Thursday, December 17, 2009

Good Morning and Welcome to the United States of America

I keep turning around reflexively when I hear people speak English, expecting to know them. Except that I'm in the Atlanta airport right now, so English isn't exactly uncommon. A young woman with a foreign accent just came up to me to ask how to connect to the internet, and I explained it to her -- I'm so much more helpful in English! I'm sitting right next to a coffee shop with bagels and muffins and big cups of coffee, waiting for my flight to Portland in about five hours. Since it hasn't sunk in yet that I've actually left Brazil (I still haven't felt the cold Atlanta air, much less the cold Maine air), I'm excited to be back in the United States.

While I had pumped myself up over the past few weeks about my return home by reminding myself of what would be awaiting me back in Maine (my family, friends, the cold, Christmas, food), the past few days were spent thinking about what I would be leaving behind in Brazil. There was a lot of eating and not a lot of sleeping (I would estimate about 15 hours total over the past four nights). By 6:30 pm yesterday, when I got the call from my doorman that the taxi was waiting outside, I was quite sure I didn't want to leave.

My last full day in Brazil was Tuesday, and I took a hike to a lookout point for one last view of the city I had called home for the past 23 and a half weeks. I ended up covered in mud and sweat, with a bruised tailbone and mosquito bites dotting my ankles and shins, but it was definitely worth it. Rio has many problems, some significant, but nobody can deny that it was kind of an ingenious place to put a city. It will be a change going back to boring old Providence; even Maine pales in comparison to these mountains lining the beaches.

Next on the list of last-day activities was watching the sunset at the Arpoador, which, as I mentioned in my last post, is one of my favorite places in Rio. Although we were doubtful it would be a good one, as the sky was cloudy, the sun managed to poke out near the horizon, and the clouds only made the colors more vibrant.

Our plan was to spend one last night out on the town and return in time for the sunrise and a morning swim. The night would also serve as a last chance to eat and drink some of my favorite foods and drinks. As I sipped my last Brazilian caipirinha at Rio Scenarium I already was planning for my next one back in the United States. I have a feeling the cold lime, sugar, and cachaça won't taste quite as good in the snow, but I've brought back some mortars and pestles so I'm determined to use them.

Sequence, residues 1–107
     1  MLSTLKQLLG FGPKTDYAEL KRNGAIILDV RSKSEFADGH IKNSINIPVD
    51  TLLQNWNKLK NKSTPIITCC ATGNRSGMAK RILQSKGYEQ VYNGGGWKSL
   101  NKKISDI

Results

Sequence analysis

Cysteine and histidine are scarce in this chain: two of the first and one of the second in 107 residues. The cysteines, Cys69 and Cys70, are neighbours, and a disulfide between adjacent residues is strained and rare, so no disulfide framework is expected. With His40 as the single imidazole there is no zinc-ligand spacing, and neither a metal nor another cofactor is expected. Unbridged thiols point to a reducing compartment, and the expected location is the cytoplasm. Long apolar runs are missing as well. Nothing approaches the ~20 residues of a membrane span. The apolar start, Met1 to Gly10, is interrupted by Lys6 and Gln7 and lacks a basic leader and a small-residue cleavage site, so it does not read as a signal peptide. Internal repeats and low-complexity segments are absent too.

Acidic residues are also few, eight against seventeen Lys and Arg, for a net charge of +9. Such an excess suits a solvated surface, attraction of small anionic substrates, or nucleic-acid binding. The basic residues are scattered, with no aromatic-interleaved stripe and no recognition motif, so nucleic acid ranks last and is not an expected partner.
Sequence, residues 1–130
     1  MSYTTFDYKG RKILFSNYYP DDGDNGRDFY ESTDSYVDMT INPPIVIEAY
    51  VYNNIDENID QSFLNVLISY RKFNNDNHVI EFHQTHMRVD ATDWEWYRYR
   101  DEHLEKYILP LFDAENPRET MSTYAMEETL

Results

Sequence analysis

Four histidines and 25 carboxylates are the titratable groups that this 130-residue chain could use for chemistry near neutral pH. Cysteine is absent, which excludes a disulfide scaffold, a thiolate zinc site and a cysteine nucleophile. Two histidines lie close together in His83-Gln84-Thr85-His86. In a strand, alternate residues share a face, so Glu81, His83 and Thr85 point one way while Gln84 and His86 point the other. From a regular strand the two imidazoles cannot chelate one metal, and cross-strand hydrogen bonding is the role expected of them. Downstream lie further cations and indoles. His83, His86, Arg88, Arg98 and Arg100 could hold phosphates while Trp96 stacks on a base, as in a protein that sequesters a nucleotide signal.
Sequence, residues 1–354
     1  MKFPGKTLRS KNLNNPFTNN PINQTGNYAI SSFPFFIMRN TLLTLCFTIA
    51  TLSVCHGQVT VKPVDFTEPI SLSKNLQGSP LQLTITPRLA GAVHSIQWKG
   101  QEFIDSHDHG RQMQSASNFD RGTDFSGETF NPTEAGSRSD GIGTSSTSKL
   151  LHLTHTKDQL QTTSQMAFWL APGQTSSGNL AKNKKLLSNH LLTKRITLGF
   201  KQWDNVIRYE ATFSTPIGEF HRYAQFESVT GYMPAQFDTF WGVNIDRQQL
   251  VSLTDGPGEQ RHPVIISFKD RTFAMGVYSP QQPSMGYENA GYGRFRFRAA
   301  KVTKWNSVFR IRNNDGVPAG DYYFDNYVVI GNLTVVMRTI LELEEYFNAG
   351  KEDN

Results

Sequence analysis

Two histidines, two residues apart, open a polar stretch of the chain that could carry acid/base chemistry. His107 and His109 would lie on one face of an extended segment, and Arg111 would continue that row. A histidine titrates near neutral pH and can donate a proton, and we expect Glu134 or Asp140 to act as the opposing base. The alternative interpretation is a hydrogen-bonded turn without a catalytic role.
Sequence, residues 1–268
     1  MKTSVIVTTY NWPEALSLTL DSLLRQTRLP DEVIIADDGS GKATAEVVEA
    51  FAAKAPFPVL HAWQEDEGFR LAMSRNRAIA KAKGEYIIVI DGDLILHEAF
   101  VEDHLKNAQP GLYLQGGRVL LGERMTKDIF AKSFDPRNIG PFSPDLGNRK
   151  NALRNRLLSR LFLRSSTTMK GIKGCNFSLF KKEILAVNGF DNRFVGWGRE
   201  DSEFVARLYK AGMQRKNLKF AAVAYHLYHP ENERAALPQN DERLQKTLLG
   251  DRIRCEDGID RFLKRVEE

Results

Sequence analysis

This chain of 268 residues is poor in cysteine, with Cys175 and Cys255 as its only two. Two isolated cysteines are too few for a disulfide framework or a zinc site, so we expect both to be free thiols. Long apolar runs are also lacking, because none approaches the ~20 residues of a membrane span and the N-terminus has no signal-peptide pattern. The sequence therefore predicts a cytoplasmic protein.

Back in Copacabana, we stopped by the hot dog van for a last cachorro quente completo -- complete with peas, corn, raisins, potato sticks, a quail egg, and of course ketchup, mustard, and mayonnaise. My last água de coco came at a stand on the beach, where we also shared some final fried manioc (and discussed how weird it is to use the English word "manioc" instead of mandioca or aipim, two of several Portuguese words for the same tuber). 

By this time some of the weaker members of our group were starting to yawn. We returned to Sarah's apartment to crash on her couches (unfortunately the hammock had been taken down) for about an hour and a half, and then I put on my best camp counselor/mom voice and woke my reluctant friends back up just before dawn. We were a little more lively once we got a good look at the sky over the beach and saw that it had started to change color. 

The sunrise was as beautiful as the sunset had been the evening before, and it marked the first time I had watched the two consecutively. The waves were huge and the beach still empty, and we took advantage of the abnormally warm water to throw ourselves into the surf.

There's so much more to say about Brazil, and I'm planning on continuing to blog so that I can say it. I'm sure I'll have a lot more free time now that I'm home Also, I'm convinced the 80-degree temperature drop and my general exhaustion is going to seriously hinder my efforts in avoiding catching swine flu from my mom, so I might be house-bound for a while if I succumb to it. Keep reading, I'll keep writing, and I will see many of you very soon!

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